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WASHINGTON — Elizabeth Warren, then a Harvard Law professor, led the charge in 2010 to create a new government watchdog to protect consumers from Wall Street predation. A strong, independent agency was her first choice, she said at the time. “My second choice is no agency at all and plenty of blood and teeth left on the floor.”

Six years later, Warren and like-minded forces are girding for Round Two, as newly empowered Republicans prepare to kill or gut Warren’s most tangible government accomplishment: the Consumer Financial Protection Bureau. There’s a good chance blood and teeth will be shed before it’s all over.


“If they want to fight, it’s a fight they’ll get,” Warren said in an interview, promising a populist storm against Donald Trump’s White House.

And incoming Senate minority leader Chuck Schumer said Sunday that he has the votes to stop Trump and congressional opponents from repealing ‘‘the rules we put in place to limit Wall Street,’’ including the Dodd-Frank law.

‘‘We have 60 votes to block him,’’ the New York Democrat told NBC’s ‘‘Meet the Press.’’

Republicans and banking lobbyists are salivating at the prospect of gutting key parts of the 2010 Dodd-Frank law, the broad and complex response that passed Congress with almost no GOP support after the 2008 market meltdown.

No trophy is bigger in the hunt than dismantling, or at least severely maiming, the financial protection agency, which Warren conceived of in 2007 and built from scratch as an adviser charged with setting up the new bureau before she ran for the Senate.

“The CFPB is right in the crosshairs,” said Camden Fine, president of the Independent Community Bankers of America, an influential trade group representing small banks, which supports some changes to the agency being sought by Republicans.

The strong consumer watchdog, designed to police all corners of the financial industry for the sorts of lending abuses that contributed to the crisis, was one the elements of Dodd-Frank that Republicans most vigorously opposed in 2010.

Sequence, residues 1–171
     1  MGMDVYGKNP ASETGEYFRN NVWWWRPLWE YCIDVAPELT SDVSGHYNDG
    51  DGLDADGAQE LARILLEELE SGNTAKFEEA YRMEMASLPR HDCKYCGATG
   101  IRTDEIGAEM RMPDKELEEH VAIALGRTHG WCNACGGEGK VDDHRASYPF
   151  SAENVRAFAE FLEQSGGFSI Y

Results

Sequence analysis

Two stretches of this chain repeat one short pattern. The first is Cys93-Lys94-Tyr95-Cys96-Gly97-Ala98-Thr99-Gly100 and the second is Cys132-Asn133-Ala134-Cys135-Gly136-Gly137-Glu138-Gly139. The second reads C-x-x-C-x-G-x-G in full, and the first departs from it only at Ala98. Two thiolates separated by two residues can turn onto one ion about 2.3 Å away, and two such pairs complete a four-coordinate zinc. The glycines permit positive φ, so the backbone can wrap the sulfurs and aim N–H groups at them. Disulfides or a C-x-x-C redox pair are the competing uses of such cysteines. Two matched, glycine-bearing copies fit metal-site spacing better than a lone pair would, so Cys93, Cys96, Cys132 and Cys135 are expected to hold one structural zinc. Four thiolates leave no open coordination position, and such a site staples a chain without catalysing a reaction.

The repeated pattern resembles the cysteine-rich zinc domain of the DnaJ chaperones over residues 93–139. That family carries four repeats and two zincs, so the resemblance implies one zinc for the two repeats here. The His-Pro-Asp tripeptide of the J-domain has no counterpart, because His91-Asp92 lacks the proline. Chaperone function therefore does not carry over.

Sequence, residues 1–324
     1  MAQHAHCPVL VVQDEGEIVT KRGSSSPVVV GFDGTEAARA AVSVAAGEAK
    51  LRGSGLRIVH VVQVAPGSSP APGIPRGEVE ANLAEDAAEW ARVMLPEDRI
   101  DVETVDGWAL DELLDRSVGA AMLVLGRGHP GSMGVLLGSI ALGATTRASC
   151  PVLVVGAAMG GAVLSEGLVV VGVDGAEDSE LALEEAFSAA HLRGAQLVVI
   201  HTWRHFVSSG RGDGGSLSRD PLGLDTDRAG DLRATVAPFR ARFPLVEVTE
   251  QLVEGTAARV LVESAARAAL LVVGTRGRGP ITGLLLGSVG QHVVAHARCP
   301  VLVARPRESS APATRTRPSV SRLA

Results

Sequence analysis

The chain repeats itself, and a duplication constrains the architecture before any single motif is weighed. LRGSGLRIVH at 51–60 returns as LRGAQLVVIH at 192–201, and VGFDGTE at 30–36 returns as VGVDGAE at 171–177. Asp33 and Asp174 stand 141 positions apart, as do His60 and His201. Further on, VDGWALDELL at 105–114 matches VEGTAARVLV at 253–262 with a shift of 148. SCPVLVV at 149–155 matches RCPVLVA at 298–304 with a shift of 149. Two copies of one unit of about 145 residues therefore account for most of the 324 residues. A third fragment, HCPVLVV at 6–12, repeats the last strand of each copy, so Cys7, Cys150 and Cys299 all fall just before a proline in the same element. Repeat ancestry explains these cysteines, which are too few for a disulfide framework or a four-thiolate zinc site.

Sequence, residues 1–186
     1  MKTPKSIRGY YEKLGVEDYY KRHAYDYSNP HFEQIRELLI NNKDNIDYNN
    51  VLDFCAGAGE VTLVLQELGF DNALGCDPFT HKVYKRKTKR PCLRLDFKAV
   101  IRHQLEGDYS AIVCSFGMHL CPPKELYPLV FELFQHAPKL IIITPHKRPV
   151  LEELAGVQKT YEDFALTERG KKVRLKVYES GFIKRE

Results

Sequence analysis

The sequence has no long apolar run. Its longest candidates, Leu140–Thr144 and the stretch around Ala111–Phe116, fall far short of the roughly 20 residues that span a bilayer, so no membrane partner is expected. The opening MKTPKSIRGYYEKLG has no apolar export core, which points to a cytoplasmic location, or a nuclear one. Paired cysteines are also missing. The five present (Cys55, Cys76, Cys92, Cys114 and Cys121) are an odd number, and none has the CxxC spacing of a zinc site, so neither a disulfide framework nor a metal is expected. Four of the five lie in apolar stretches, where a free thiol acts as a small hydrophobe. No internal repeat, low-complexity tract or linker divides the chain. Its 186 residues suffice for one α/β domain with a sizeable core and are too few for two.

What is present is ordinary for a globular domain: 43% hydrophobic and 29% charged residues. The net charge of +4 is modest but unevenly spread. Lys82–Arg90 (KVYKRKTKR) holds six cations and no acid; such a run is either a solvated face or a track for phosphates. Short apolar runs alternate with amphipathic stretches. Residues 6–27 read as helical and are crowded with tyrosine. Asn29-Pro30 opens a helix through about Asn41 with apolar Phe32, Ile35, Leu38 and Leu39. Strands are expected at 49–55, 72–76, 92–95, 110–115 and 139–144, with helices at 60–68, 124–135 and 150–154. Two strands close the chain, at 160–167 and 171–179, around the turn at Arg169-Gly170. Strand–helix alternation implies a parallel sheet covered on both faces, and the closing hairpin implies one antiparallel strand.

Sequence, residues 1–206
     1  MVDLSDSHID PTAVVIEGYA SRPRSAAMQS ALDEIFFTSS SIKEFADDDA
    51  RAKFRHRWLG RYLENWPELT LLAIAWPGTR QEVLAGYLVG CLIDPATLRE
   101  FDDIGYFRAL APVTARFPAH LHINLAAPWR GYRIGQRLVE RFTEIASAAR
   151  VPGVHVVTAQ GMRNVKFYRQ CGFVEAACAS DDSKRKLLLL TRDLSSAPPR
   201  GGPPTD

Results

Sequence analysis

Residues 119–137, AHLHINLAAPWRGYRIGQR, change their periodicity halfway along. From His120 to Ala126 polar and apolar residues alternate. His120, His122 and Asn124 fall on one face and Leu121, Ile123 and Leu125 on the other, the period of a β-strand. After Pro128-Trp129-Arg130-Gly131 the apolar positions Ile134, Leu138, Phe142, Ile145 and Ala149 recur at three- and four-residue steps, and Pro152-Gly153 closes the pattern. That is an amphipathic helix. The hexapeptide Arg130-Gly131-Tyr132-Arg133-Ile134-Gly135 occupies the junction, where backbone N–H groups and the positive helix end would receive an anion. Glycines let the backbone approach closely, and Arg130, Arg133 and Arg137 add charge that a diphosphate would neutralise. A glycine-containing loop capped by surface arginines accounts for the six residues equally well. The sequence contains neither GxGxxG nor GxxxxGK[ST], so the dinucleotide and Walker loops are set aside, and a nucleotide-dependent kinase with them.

Financial industry players have chafed at the aggressive tack taken by the agency, which has fielded more than 1 million consumer complaints and recently levied a $100 million fine on Wells Fargo for creating thousands of phony customer accounts. Critics say the bureau is overburdening lenders and crimping consumer choice.

“I’d like to take it out if we could,” said Senator Richard Shelby of Alabama , chairman of the powerful Senate Banking Committee, who led Republican opposition to Dodd-Frank in the Senate.

If Republicans can’t kill the bureau outright, Shelby said he would like to see its independent director replaced with a bipartisan board, and its funding — which currently comes from the Federal Reserve’s coffers under a preset formula — brought under congressional control.

“There’s no accountability now,” said Shelby, echoing the complaints coming from Wall Street and Main Street banks alike.

Putting a board of commissioners in charge and giving Congress control of its purse strings, advocates of the agency say, would ensnare the bureau in the kinds of political squabbles that have hobbled other regulators and undermine its ability to quickly and forcefully stomp out abuses.

Another way Trump could defang the agency is appointing a new director who is hostile to its mission, or at least friendlier to the financial industry. Whether Trump has the power to fire its current director, Richard Cordray, is a matter embroiled in litigation at the moment. Regardless, Cordray’s term expires in 2018.